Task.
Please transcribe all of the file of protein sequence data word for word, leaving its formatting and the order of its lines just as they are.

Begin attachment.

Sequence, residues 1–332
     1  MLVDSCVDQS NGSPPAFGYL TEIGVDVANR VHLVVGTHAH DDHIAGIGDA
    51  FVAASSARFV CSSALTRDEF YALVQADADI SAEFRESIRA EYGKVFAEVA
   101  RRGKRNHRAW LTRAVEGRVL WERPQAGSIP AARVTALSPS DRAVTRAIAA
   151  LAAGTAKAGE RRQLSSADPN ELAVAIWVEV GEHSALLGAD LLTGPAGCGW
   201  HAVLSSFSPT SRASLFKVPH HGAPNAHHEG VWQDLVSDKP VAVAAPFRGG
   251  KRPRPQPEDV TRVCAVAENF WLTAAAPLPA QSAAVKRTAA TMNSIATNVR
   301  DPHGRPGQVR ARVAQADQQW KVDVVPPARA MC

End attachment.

Sequence, residues 1–332
     1  MLVDSCVDQS NGSPPAFGYL TEIGVDVANR VHLVVGTHAH DDHIAGIGDA
    51  FVAASSARFV CSSALTRDEF YALVQADADI SAEFRESIRA EYGKVFAEVA
   101  RRGKRNHRAW LTRAVEGRVL WERPQAGSIP AARVTALSPS DRAVTRAIAA
   151  LAAGTAKAGE RRQLSSADPN ELAVAIWVEV GEHSALLGAD LLTGPAGCGW
   201  HAVLSSFSPT SRASLFKVPH HGAPNAHHEG VWQDLVSDKP VAVAAPFRGG
   251  KRPRPQPEDV TRVCAVAENF WLTAAAPLPA QSAAVKRTAA TMNSIATNVR
   301  DPHGRPGQVR ARVAQADQQW KVDVVPPARA MC